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What are the pros and cons of The Green New Deal? Show more Show less
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To address the gravity of the climate crisis in the United States, some politicians created a plan called the Green New Deal. The goal of this plan, broadly speaking, is to create a healthy environment for future generations to call home. However, there are numerous positions on the Green New Deal.

The goals of the Green New Deal Show more Show less

The Green New Deal aims to meet one hundred percent of the United States' power/energy demand through clean, renewable, and zero-emission energy sources. The proponents of this position hope to accomplish this goal within ten years of implementation.
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The Green New Deal will overhaul the transportation system

Create a transportation system in the United States that utilizes high-speed rail and hybrid technology. This will reduce single-car-user commuting, which will significantly cut down on one of the leading causes of pollution, vehicles.
Environment Green New Deal Politics Transportation

The Argument

The increase of hybrid automobiles in the United States is a step in the right direction to reduce the harm of carbon emissions that traditional gasoline vehicles produce. However, that effort is not enough to achieve net-zero emissions. Therefore, the Green New Deal (a proposal from Congressional Representative Alexandria Ocasio-Cortez and Senator Ed Markey) aims to overhaul the United States’ transportation system. There are two main factors that the Green New Deal wants to address regarding transportation: improved transportation systems within cities and improved transportation across the country.[1] The Green New Deal wants to create more and better transit services within cities. This would reduce American reliance on gas cars and reduce carbon emissions. Additionally, the proposal wants to utilize transnational transportation that could reduce driving across the country. This includes features like developing high-speed rail with the goal of emission reduction.[2]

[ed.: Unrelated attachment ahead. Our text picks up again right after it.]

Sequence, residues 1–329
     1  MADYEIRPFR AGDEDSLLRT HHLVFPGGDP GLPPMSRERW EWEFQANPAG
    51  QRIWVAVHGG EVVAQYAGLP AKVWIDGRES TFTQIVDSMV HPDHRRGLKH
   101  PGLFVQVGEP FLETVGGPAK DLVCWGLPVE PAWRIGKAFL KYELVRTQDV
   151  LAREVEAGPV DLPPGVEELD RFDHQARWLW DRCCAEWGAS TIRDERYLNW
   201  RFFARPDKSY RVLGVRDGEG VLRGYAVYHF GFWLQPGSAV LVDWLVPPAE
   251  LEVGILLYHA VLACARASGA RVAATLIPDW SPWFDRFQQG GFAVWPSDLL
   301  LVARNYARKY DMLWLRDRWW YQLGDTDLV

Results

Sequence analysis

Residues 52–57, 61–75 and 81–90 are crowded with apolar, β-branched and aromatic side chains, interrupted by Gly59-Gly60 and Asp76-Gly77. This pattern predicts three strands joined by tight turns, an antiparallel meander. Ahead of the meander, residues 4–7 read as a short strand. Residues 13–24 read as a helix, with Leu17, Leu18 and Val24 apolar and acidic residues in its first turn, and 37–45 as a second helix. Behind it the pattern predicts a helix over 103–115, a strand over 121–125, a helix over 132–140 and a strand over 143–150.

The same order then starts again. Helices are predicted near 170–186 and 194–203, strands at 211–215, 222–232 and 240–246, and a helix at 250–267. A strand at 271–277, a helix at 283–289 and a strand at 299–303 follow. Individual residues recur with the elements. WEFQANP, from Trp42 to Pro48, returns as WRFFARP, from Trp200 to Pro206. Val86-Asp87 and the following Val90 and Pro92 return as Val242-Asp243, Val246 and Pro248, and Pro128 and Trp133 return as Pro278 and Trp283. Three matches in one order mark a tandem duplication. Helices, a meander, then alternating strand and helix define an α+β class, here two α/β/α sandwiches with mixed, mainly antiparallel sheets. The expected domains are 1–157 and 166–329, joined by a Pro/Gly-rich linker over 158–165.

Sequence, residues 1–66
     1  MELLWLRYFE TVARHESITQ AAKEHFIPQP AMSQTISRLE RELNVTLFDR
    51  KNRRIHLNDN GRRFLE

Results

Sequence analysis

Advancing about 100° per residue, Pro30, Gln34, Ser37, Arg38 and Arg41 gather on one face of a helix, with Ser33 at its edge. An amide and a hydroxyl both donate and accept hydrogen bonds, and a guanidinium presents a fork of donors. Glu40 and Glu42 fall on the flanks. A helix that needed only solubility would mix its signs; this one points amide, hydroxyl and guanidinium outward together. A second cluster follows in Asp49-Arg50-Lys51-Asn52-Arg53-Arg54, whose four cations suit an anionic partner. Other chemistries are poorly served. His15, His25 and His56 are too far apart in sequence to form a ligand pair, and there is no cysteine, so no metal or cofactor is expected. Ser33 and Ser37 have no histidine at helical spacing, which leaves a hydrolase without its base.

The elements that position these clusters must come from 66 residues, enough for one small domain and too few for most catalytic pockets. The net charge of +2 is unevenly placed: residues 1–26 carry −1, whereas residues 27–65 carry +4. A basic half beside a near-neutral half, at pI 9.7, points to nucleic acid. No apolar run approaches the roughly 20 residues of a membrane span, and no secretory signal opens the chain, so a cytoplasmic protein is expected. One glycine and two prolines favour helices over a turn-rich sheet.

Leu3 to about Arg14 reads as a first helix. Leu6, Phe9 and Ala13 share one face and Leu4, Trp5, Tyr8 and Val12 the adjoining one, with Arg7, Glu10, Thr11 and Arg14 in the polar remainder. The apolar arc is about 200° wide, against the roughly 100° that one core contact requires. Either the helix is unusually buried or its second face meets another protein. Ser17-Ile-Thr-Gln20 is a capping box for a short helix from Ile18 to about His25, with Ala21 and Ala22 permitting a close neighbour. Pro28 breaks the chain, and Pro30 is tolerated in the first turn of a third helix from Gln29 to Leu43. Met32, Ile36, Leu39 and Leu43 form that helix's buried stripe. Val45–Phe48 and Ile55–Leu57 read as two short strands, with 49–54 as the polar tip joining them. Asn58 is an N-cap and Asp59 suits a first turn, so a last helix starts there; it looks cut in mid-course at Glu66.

Counter arguments

The overhaul of the American transportation system, desired by the Green New Deal, is unrealistic. The market for hybrid driving technology is small when compared to traditional gas vehicles. Additionally, the proposal does not give the American consumer incentive to move over to hybrid vehicles. When it comes to nationwide transportation in the United States, the bill inadequately addresses how the overhaul would occur. High-speed rail is not a popular idea among the populace, and many states lack the financial ability to create these systems. The Green New Deal does not have enough specifics to overhaul the American transportation system realistically.[3]

Proponents

Premises

Rejecting the premises

References

  1. https://www.dataforprogress.org/blog/2019/3/27/transit-and-a-green-new-deal
  2. https://www.vox.com/energy-and-environment/2019/2/7/18211709/green-new-deal-resolution-alexandria-ocasio-cortez-markey
  3. https://www.businessinsider.com/green-new-deal-is-right-and-we-dont-have-to-wait-for-ambitious-goals-2019-2
This page was last edited on Sunday, 15 Nov 2020 at 02:25 UTC

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